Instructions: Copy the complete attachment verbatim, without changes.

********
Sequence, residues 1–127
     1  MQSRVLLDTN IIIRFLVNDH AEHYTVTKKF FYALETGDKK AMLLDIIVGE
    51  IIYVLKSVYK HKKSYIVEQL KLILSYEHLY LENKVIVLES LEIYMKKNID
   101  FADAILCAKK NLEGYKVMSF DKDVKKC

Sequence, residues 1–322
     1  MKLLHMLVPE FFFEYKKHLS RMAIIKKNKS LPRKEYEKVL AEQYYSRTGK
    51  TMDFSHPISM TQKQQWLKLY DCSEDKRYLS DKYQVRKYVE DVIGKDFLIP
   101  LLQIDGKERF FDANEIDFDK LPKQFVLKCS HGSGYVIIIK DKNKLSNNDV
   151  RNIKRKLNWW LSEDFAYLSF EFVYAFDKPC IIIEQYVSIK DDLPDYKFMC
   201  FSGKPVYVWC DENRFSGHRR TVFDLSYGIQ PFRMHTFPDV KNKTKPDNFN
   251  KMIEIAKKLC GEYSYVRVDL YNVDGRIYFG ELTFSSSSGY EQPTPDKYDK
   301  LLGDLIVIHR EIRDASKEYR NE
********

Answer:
Sequence, residues 1–127
     1  MQSRVLLDTN IIIRFLVNDH AEHYTVTKKF FYALETGDKK AMLLDIIVGE
    51  IIYVLKSVYK HKKSYIVEQL KLILSYEHLY LENKVIVLES LEIYMKKNID
   101  FADAILCAKK NLEGYKVMSF DKDVKKC

Sequence, residues 1–322
     1  MKLLHMLVPE FFFEYKKHLS RMAIIKKNKS LPRKEYEKVL AEQYYSRTGK
    51  TMDFSHPISM TQKQQWLKLY DCSEDKRYLS DKYQVRKYVE DVIGKDFLIP
   101  LLQIDGKERF FDANEIDFDK LPKQFVLKCS HGSGYVIIIK DKNKLSNNDV
   151  RNIKRKLNWW LSEDFAYLSF EFVYAFDKPC IIIEQYVSIK DDLPDYKFMC
   201  FSGKPVYVWC DENRFSGHRR TVFDLSYGIQ PFRMHTFPDV KNKTKPDNFN
   251  KMIEIAKKLC GEYSYVRVDL YNVDGRIYFG ELTFSSSSGY EQPTPDKYDK
   301  LLGDLIVIHR EIRDASKEYR NE